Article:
Well, it’s official. On Wednesday, the Philippine Congress proclaimed Ferdinand “Bongbong” Marcos Jr. the 17th Philippine president, 36 years after his father and namesake, Ferdinand Marcos Sr., was ousted from Malacañang Palace through the People Power Revolution after holding office for 21 years.
Congress, acting as the National Board of Canvassers, also proclaimed Marcos Jr.’s running mate, incumbent President Rodrigo Duterte’s daughter Sara, vice president.
According to the official canvass of votes certified on Wednesday, Marcos received 58.77 percent of the ballots cast with 31,629,783 votes.
Meanwhile, Vice President Leni Robredo finished in second place with around 15 million votes.
Duterte also won the majority vote, receiving 32,208,417 ballots cast in her favor.
The Marcos-Duterte tandem, dubbed the UniTeam, is the first to win the top two highest seats of government in the country since former President Gloria Macapagal-Arroyo and her running mate, broadcaster Noli de Castro, both won in 2004. In the Philippines, the presidential post is elected separately from the vice presidency.
Marcos Jr.’s win brings full circle the Marcos family’s long road to redemption and return to glory after a peaceful revolt drove them out of the Malacañang Palace and forced them to flee to Hawaii, where Marcos Sr. lived until his death in 1989.
During his proclamation, Marcos Jr. said that he wanted to do well by his country.
”The most valuable thing you may receive from a fellow citizen is their vote. And that is why, to have received over 31 million votes from our countrymen is as valuable an expression of trust as can be had by anyone in public life. And so for that I thank our people,” the president-elect said.
“Beyond that, I promise you that we may not be perfect but we will always strive [for] perfection.”
Bongbong’s sister, Senator Imee Marcos, said that their family was “very, very grateful for a second chance” as their family had “suffered for decades” after their father was removed from office.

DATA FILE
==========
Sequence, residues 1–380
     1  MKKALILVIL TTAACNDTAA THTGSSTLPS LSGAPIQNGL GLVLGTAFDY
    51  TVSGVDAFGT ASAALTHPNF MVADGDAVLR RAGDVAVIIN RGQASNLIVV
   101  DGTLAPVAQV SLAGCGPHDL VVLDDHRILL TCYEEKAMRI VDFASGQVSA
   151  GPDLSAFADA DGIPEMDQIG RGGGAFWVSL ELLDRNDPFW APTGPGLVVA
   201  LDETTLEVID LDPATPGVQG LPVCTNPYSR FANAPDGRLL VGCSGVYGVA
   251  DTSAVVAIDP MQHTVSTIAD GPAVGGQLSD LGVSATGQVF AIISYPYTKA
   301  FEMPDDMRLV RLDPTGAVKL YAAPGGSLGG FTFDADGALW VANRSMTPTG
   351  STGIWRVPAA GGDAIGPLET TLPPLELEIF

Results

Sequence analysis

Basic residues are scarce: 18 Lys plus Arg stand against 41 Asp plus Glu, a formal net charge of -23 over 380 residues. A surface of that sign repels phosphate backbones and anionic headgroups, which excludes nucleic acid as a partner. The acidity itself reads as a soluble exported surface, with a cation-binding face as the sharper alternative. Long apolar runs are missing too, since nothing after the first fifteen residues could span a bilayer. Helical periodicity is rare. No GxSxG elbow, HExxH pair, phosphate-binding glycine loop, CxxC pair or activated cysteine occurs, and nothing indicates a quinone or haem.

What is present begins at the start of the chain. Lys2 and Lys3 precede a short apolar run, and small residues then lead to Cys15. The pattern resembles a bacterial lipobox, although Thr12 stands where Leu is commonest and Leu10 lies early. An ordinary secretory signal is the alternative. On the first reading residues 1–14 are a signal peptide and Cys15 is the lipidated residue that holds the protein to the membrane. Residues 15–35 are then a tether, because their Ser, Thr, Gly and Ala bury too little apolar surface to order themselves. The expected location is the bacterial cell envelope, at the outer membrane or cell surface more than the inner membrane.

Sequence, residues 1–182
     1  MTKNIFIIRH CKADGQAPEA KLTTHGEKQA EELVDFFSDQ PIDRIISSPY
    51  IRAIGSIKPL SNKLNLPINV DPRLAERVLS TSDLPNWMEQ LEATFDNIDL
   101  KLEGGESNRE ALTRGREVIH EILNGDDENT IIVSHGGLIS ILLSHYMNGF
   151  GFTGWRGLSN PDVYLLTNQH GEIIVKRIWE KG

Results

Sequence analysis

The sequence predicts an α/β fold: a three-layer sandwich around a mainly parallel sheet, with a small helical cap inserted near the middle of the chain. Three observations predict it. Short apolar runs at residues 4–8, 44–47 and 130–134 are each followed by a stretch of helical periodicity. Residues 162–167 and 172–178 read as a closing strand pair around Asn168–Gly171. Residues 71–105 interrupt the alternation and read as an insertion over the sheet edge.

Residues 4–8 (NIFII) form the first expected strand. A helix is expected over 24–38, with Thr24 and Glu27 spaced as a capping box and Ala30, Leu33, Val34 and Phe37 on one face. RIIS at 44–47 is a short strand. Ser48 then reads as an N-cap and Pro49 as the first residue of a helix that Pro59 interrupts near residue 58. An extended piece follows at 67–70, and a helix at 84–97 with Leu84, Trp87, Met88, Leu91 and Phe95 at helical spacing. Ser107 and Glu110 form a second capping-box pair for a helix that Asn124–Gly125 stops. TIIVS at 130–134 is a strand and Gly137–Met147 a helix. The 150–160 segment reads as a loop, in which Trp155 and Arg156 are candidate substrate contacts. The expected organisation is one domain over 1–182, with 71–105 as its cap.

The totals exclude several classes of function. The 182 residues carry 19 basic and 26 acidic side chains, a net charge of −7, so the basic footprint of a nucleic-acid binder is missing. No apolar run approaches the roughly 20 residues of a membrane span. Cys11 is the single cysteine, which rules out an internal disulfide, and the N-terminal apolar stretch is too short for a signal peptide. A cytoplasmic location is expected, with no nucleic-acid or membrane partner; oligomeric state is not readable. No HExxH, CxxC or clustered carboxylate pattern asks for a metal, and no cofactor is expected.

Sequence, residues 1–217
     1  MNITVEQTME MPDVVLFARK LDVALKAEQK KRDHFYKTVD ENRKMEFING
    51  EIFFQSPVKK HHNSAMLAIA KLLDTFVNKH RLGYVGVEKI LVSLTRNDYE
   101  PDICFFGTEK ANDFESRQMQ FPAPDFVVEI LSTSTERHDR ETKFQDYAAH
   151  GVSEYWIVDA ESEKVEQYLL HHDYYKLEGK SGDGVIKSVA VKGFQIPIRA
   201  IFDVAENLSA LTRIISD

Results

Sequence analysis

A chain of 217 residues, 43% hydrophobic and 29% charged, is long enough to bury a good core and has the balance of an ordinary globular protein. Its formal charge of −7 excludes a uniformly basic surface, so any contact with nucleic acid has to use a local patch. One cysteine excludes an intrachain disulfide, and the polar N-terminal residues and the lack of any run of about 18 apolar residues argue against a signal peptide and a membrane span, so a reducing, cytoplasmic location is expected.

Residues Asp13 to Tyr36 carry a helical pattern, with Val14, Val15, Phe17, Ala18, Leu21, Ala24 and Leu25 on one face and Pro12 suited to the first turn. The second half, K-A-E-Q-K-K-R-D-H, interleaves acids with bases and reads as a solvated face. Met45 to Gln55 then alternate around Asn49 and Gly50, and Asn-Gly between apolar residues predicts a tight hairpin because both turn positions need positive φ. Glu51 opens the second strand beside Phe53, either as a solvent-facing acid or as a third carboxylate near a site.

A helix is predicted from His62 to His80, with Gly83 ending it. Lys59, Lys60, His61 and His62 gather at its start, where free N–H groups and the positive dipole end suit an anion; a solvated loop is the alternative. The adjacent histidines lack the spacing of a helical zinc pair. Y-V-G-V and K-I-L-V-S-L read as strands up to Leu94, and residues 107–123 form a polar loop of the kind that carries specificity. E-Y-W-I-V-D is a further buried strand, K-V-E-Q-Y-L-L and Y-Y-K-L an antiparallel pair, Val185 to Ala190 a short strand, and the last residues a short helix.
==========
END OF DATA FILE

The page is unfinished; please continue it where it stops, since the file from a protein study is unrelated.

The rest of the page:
The senator said that what was most important to the Marcos family upon her brother’s win was having an avenue to “clarify” the late dictator’s legacy.
“What’s most important to us is, of course, our name, the family name that has become so controversial, and so difficult at times to bear. The legacy of my father is what we hope will be clarified at last,” she said.
Today, the president-elect sat for a media interview with reporters from selected media outfits, namely Net 25, SMNI, and GMA-7.
GMA-7 is currently the Philippines’ largest free-to-air broadcast network after broadcast giant ABS-CBN, which previously had the widest coverage across the country but was denied a franchise renewal by the House of Representatives.
Meanwhile, Net 25 and SMNI are both religion-affiliated networks whose churches supported the Marcos-Duterte tandem in the elections. Just this week, Net 25, a network affiliated with the Christian sect Iglesia ni Cristo (Church of Christ), got in hot water over the unprofessional spin seen in a segment of their primetime news show, Mata ng Agila, about VP Robredo’s daughters that one critic denounced as a “hack job” and an opinion piece masquerading as news.
The Iglesia ni Cristo leaders endorsed the Marcos-Duterte tandem for its bloc vote in the May 9 elections.
Meanwhile, SMNI is owned by Pastor Apollo Quiboloy, a close friend and self-styled “spiritual adviser” to President Duterte, who is wanted by the U.S. FBI on charges related to cash smuggling and sex trafficking.
President-elect Marcos Jr.’s first priority in his administration would be the economy, he reportedly said.
Marcos and Duterte are set to be inaugurated into office in June.